Skip to content
14.6 °Cforecast >
Cloudy

Paralympian sues University of Regina over accident that left her a quadriplegic

REGINA — A Paralympian who was left paralyzed after a diving accident says she knew the injury was bad the moment it happened.
0

REGINA — A Paralympian who was left paralyzed after a diving accident says she knew the injury was bad the moment it happened.

Miranda Biletski testified Monday in Court of Queen's Bench in Regina, where she is suing the University of Regina for negligence.

"Even the night of my accident I knew, to an extent, that it was worse than some people initially thought," she said.

In June 2005, the then-16-year-old Biletski dove into a pool from competition starting blocks at the university during a swim club practice. She hit the bottom and fractured her cervical vertebrae, leaving her a quadriplegic.

Biletski said she heard paramedics initially thought it was a stinger — a term used when a player hits their head and it feels like their limbs go to sleep, though the feeling eventually returns.

"I didn't think it was that and I actually gave my mom a list of people in the ambulance that I wanted her to call to say that I was going to the hospital," she said.

Her lawyer, Alan McIntyre, then asked: "So you didn't think even then (that) it was temporary?"

"No," said Biletski.

Doctors said trying to repair her spinal cord would be "like trying to squeeze all the toothpaste out of a tube of toothpaste and then getting it back in without actually damaging the toothpaste."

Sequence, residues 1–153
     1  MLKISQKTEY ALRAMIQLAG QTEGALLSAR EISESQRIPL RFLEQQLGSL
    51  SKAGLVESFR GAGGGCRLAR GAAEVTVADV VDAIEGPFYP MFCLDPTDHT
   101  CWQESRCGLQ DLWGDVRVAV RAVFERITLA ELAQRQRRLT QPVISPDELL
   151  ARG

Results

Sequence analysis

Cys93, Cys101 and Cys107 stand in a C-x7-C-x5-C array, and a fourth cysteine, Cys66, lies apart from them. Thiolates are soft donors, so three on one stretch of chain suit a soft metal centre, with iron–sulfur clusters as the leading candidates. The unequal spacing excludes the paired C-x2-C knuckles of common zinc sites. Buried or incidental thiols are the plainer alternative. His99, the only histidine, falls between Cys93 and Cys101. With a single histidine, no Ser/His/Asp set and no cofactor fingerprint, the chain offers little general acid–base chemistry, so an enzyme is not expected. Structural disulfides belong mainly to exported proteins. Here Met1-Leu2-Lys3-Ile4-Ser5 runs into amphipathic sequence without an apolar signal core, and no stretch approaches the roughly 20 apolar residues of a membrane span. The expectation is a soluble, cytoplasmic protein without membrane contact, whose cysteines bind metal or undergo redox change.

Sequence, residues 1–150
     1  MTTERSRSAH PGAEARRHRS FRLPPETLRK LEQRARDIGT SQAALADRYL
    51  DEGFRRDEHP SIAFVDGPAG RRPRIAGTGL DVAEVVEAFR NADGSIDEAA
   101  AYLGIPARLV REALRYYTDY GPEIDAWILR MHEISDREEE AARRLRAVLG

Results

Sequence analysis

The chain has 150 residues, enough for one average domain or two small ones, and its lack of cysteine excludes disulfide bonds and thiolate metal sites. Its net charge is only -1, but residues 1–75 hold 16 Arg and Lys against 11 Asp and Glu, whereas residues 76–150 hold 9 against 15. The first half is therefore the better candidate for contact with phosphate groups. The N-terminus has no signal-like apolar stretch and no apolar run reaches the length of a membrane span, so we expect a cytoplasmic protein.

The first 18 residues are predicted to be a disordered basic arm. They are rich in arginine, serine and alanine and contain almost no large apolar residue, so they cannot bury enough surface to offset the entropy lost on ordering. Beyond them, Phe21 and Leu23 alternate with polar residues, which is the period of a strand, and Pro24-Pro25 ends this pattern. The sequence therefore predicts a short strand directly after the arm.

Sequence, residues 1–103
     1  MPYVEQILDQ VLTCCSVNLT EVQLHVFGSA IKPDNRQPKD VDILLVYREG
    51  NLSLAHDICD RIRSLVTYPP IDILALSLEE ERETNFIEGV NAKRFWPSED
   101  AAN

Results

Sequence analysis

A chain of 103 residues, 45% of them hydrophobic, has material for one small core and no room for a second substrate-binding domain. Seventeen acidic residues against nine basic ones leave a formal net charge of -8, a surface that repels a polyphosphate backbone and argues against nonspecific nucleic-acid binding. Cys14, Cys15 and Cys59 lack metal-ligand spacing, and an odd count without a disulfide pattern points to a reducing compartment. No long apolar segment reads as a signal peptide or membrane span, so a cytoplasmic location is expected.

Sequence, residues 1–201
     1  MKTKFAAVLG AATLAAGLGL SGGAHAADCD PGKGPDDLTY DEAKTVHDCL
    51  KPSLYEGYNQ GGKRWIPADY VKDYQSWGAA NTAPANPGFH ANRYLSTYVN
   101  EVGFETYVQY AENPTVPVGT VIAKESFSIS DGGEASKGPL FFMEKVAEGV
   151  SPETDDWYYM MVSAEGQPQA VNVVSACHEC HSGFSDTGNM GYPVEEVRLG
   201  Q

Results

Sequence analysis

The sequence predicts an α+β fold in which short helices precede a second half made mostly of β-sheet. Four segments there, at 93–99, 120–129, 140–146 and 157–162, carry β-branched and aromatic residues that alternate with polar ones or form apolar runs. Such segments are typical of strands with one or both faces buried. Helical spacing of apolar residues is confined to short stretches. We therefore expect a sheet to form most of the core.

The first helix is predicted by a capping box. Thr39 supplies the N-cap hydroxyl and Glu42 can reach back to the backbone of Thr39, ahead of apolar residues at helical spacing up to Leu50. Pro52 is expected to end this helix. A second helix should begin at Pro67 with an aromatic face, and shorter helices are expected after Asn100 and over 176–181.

Court was told how Biletski had to learn to sit upright without passing out, to feed herself again and to put in her own catheter to go to the bathroom.

"When I first started learning to do things, regular forks and knives and spoons were too heavy at the time — just with my lack of finger dexterity, I would drop them. So Mom actually brought me a Dairy Queen blizzard and the plastic spoon was the first thing I learned to eat with," she said.

"It was wonderful."

Court heard that Biletski — the first woman on Canada's wheelchair rugby team — can move her arms and shoulders, but has limited hand use.

"When it's not tired, sometimes I can wiggle one finger a little bit," she said of her right hand.

According to the Canadian Wheelchair Sports Association website, Biletski swam and played water polo competitively before her injury.

She has played with the largely male Team Canada rugby squad at world championships in 2010 and 2014, and at the 2016 Rio Olympics, where the team placed fourth.

Biletski filed her claim against the university in December 2007.

The university is denying negligence and blames the accident on Biletski and the swim club.

In court documents, it says that third parties had responsibility for ensuring the contracted pool facilities were safe for the use of the club's members and for determining whether the water level depth was sufficient to allow safe entry into the water from the diving blocks.

The case is expected to last three weeks.

 

Jennifer Graham, The Canadian Press

Note to readers: This is a corrected story; an earlier version incorrectly referred to Biletski as a former Paralympian



More Ontario News

Visit our homepage >